Why pray the Rosary every day for a year?

Each time the Blessed Virgin has appeared-- whether it be to Saint Bernadette Soubirous at Lourdes; to Lucia, Jacinta, and Francisco at Fatima; or to Mariette Beco at Banneux-- she has asserted the importance, saving grace, and power of praying the Holy Rosary on a daily basis. Based upon her words, the Rosary is penance and conversion for sinners, a pathway to peace, an end to war, and a powerful act of faith in Jesus Christ. Pope Paul VI presented the Rosary as a powerful means to reach Christ "not merely with Mary but indeed, insofar as this is possible to us, in the same way as Mary, who is certainly the one who thought about Him more than anyone else has ever done."

To show us how this is done, perhaps no one has been more eloquent than the great Cardinal Newman, who wrote: "The great power of the Rosary consists in the fact that it translates the Creed into Prayer. Of course, the Creed is already in a certain sense a prayer and a great act of homage towards God, but the Rosary brings us to meditate again on the great truth of His life and death, and brings this truth close to our hearts. Even Christians, although they know God, usually fear rather than love Him. The strength of the Rosary lies in the particular manner in which it considers these mysteries, since all our thinking about Christ is intertwined with the thought of His Mother, in the relations between Mother and Son; the Holy Family is presented to us, the home in which God lived His infinite love."

As Mary said at Fatima, "Jesus wants to use you to make Me known and loved. He wishes to establish the devotion to My Immaculate Heart throughout the world. I promise salvation to whoever embraces it; these souls will be dear to God, like flowers put by Me to adorn his throne."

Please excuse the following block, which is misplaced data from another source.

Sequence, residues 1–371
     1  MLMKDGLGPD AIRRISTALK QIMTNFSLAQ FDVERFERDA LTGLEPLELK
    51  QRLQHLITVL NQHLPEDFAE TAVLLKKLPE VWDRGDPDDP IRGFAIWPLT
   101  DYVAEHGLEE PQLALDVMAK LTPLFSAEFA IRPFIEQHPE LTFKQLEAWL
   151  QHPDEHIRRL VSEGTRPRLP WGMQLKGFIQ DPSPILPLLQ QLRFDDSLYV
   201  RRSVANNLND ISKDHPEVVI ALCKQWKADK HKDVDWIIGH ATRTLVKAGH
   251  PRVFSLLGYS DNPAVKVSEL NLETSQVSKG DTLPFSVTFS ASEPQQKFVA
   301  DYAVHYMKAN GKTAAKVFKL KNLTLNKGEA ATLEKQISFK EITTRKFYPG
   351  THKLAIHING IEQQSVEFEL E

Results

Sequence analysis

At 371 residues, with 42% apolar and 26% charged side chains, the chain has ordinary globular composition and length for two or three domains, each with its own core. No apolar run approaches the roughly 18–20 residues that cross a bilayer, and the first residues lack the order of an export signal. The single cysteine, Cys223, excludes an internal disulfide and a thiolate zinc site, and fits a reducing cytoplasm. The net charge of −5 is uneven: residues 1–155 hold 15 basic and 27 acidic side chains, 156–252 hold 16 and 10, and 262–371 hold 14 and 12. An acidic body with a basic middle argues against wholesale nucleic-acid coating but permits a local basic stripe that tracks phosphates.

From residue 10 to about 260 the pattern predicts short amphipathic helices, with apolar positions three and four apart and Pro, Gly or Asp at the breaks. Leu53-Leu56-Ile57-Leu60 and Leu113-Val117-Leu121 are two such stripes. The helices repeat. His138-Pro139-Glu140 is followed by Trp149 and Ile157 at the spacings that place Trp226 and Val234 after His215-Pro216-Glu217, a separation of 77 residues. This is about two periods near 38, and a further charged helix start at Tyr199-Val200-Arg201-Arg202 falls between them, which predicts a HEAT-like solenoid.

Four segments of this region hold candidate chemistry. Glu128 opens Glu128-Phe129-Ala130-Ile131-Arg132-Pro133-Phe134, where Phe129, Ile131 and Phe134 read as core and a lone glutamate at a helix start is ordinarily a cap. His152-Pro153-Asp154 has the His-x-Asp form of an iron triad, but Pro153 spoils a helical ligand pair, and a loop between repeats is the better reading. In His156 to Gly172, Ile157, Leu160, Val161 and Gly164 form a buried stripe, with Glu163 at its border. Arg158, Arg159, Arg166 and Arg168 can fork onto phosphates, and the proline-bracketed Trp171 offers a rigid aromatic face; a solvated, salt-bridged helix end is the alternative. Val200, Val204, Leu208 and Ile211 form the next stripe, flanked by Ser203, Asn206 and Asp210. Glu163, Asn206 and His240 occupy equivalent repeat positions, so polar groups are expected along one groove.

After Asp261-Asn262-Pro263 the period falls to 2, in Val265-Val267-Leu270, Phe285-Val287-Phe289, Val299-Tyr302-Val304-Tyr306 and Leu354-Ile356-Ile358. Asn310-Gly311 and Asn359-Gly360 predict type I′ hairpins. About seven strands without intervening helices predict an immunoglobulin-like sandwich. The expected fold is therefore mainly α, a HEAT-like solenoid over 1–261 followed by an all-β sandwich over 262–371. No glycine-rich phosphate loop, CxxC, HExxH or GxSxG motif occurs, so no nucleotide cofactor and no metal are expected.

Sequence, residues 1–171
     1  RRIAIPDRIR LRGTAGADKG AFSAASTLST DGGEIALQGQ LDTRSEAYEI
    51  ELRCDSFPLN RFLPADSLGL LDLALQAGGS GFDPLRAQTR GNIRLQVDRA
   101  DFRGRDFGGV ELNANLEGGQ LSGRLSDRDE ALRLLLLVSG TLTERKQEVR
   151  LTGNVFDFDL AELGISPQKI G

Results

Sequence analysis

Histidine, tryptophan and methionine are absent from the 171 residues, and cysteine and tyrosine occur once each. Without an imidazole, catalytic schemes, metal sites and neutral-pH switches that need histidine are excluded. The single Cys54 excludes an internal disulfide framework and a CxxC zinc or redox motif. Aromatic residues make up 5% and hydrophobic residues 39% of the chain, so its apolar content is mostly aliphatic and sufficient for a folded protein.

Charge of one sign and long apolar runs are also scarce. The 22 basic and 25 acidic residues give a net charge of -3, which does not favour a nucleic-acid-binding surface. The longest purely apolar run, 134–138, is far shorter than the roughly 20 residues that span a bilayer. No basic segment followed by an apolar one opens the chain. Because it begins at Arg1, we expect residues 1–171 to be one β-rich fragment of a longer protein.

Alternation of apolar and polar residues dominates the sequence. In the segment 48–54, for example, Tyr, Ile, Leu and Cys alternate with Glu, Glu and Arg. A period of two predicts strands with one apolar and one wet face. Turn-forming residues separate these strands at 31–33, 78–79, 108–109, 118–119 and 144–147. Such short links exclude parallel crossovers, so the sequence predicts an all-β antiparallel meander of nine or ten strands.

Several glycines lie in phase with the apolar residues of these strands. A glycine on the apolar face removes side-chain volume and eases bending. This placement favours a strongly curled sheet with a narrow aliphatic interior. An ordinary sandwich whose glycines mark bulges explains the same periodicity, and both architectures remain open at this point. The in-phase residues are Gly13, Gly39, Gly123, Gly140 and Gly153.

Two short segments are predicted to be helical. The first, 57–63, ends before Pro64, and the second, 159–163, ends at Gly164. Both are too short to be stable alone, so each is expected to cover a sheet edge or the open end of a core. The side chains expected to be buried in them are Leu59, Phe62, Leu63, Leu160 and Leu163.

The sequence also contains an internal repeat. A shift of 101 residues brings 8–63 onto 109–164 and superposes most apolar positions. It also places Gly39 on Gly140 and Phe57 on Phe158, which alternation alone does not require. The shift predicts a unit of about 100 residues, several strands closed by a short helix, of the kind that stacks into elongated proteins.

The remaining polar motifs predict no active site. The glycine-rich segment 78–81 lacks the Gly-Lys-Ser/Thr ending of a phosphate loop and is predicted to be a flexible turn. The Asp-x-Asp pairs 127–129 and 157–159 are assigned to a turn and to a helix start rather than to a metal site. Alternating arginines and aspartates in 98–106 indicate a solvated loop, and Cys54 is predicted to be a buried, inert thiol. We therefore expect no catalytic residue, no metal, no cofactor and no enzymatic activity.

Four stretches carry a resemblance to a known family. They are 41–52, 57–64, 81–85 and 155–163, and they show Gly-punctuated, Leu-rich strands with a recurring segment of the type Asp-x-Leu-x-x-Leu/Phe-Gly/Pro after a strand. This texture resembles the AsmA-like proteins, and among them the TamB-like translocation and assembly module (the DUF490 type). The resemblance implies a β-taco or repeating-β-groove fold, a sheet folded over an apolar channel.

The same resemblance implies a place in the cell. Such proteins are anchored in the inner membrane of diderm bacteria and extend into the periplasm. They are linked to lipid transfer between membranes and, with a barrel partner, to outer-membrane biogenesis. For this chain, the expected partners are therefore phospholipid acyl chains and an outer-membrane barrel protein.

Joy in Suffering

Posted by Jacob

Today, in the Gospel of Luke, we read of Peter’s recognition of the truth of Christ. For the first time, one of the disciples, his eyes opened by the Lord, has proclaimed the chosen status of Jesus, and in doing so, has identified him as the Messiah—the one that had been awaited for so long. With this revelation, Jesus begins to teach the disciples about salvation, foretelling of His Passion and Cross, and asserting of His role as the Savior of the World.

18Once when Jesus was praying in private and his disciples were with him, he asked them, "Who do the crowds say I am?"
19They replied, "Some say John the Baptist; others say Elijah; and still others, that one of the prophets of long ago has come back to life."
20"But what about you?" he asked. "Who do you say I am?"
Peter answered, "The Christ of God."
21Jesus strictly warned them not to tell this to anyone. 22And he said, "The Son of Man must suffer many things and be rejected by the elders, chief priests and teachers of the law, and he must be killed and on the third day be raised to life."
23Then he said to them all: "If anyone would come after me, he must deny himself and take up his cross daily and follow me. 24For whoever wants to save his life will lose it, but whoever loses his life for me will save it.” (Luke 9:18-24)

Reading this passage, we are forced to ask ourselves, “Who is Jesus to me?” It is apparent from the first verses of today’s Gospel that many were wondering during the life of Jesus, suggesting Him to be a prophet. At the very beginning of his ministry, John the Baptist had announced Jesus as "the Lamb of God that taketh away the sin of the world," and, at first, Jesus was widely hailed as the Messiah. But the leaders of the people had undertaken a relentless campaign against Him, suggesting Jesus to be an imposter, a sinner, and a deceiver of the people. Over time, public opinion had wavered, and when Jesus asked they question of the disciples, it was only one who answered with certainty. Jesus is the Messiah. Only Peter has the answer—an answer that must have come from the Father. Given this, we are left to wonder what would we have said, if asked the same question? What do we answer now?

Our answer must come, not just in the form of words, but in the purpose of our actions. It becomes clear from versus 23 and 24 that it is not sufficient to proclaim Jesus Lord, but there is action involved as well: "If anyone would come after me, he must deny himself and take up his cross daily and follow me. For whoever wants to save his life will lose it, but whoever loses his life for me will save it.”